Also called: Non Polio Enterovirus Infection, Enterovirus
Timothy Yarboro, M.D.
Enteroviruses are viruses that cause some of the most common viral infections. They enter the body through the respiratory or gastrointestinal tract and can easily multiply.
In most cases, people who become infected with an enterovirus do not become ill. Those who do become sick often have relatively mild symptoms similar to those associated with a common cold or the flu. However, some patients, especially infants, may experience more severe illnesses. Between 10 million and 15 million cases of symptomatic enterovirus infections are reported in the United States each year, according to the U.S. Centers for Disease Control and Prevention.
There are two major types of enteroviruses:
- Polioviruses. These viruses can cause poliomyelitis, a condition in which infected nerves cause temporary or permanent paralysis and even death. Polioviruses have been eliminated from the Western Hemisphere.
- Nonpolio enteroviruses. There are more than 60 nonpolio enteroviruses. They include coxsackie viruses and echoviruses.
People usually become infected with enteroviruses by coming into contact with the respiratory secretions of someone who is infected. Such secretions include saliva, sputum or nasal mucus. The stool of an infected person also can transmit the virus.
In the United States, enterovirus infections are most likely to occur in the summer and autumn. Enteroviruses affect people across all age groups and populations. However, children from infancy to adolescence are at higher risk of infection because they are less likely to have built up antibodies to these viruses.
The nature of the virus itself can be determined through various types of tests, including throat, stool or rectal cultures or from spinal fluid. In most cases, there is no standard treatment for an enterovirus infection. Instead, patients are urged to get plenty of rest and to drink fluids regularly while waiting for the virus to pass from the body. While vaccines have been effective in largely eliminating poliovirus infections, there is no vaccine available to treat nonpolio enteroviruses. The best method of preventing these infections is to follow the steps associated with reducing the risk of most viral infections.
About enterovirus infection
Enteroviruses cause some of the most common viral infections. Only common cold viruses cause more viral infections than enteroviruses. Each year, between 10 million and 15 million cases of symptomatic enterovirus infections are reported in the United States, according to the U.S. Centers for Disease Control and Prevention (CDC). Enteroviruses are highly contagious.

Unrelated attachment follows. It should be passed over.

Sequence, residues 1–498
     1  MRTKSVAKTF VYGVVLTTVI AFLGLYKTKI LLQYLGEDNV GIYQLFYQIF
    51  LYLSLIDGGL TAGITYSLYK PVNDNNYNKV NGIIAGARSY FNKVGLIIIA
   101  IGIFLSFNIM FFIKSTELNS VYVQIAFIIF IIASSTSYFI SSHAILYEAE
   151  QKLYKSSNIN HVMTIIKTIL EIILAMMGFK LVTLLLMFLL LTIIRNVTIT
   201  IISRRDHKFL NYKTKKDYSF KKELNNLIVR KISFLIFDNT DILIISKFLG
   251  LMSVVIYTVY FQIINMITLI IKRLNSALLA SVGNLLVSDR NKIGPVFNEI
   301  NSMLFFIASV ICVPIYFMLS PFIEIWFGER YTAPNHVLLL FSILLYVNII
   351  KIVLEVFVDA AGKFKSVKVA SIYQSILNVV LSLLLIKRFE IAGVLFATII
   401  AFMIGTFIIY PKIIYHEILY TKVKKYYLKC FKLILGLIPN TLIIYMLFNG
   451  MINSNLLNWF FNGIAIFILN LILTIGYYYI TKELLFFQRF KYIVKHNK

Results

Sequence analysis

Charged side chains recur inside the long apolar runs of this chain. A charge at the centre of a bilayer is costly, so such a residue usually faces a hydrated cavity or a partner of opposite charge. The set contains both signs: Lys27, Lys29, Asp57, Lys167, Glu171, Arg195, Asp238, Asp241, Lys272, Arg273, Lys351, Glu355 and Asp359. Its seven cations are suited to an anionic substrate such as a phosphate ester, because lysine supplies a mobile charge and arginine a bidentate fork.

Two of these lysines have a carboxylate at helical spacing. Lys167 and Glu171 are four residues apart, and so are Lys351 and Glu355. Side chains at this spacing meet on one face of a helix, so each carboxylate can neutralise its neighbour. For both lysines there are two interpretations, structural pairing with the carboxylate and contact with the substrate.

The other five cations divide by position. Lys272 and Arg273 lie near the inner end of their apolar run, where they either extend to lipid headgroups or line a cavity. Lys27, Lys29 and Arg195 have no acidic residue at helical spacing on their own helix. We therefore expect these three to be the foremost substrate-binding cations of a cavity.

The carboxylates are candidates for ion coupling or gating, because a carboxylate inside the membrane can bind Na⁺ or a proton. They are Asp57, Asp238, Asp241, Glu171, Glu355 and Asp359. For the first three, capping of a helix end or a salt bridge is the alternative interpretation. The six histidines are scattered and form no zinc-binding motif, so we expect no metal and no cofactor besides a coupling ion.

These viruses derive their name from the fact that they usually begin their infection in the gastrointestinal tract, although they may not cause specific disease there. They are more likely to affect the central nervous system or upper respiratory tract.
Enteroviruses are made up of ribonucleic acid (RNA) and protein. Viruses are classified as either RNA viruses or deoxyribonucleic acid (DNA) viruses. An RNA virus must first turn its RNA into DNA and then insert itself into the host’s DNA. The viral genes are then copied many times, using the process the host cell would normally use to reproduce its own DNA.
In most cases, people who become infected with an enterovirus do not become ill. Those who do become sick often have relatively mild symptoms similar to those associated with a common cold or the flu. However, some patients may experience more severe illnesses. Some people infected with an enterovirus may go on to develop viral meningitis. In rare cases, an enterovirus infection can lead to illnesses that affect the heart (myocarditis) or brain (encephalitis). Other enterovirus infections may lead to paralysis. In newborns, enterovirus infections can replicate rapidly in certain organs and quickly become fatal.
However, in most cases, patients who become ill after an enterovirus infection do not experience long-term complications, especially if the illness is mild or if it involves viral meningitis. However, some patients who experience polio virus-related paralysis or encephalitis may have permanent health problems. Patients with myocarditis also may develop heart failure that requires long-term care. Scientists also believe that enterovirus infections may play a role in the development of juvenile-onset diabetes mellitus. Enterovirus infections do not appear to follow any discernible patterns. Outbreaks are sometimes national or regional and tend to vary from year to year. No long-term trends have been discovered, according to the CDC.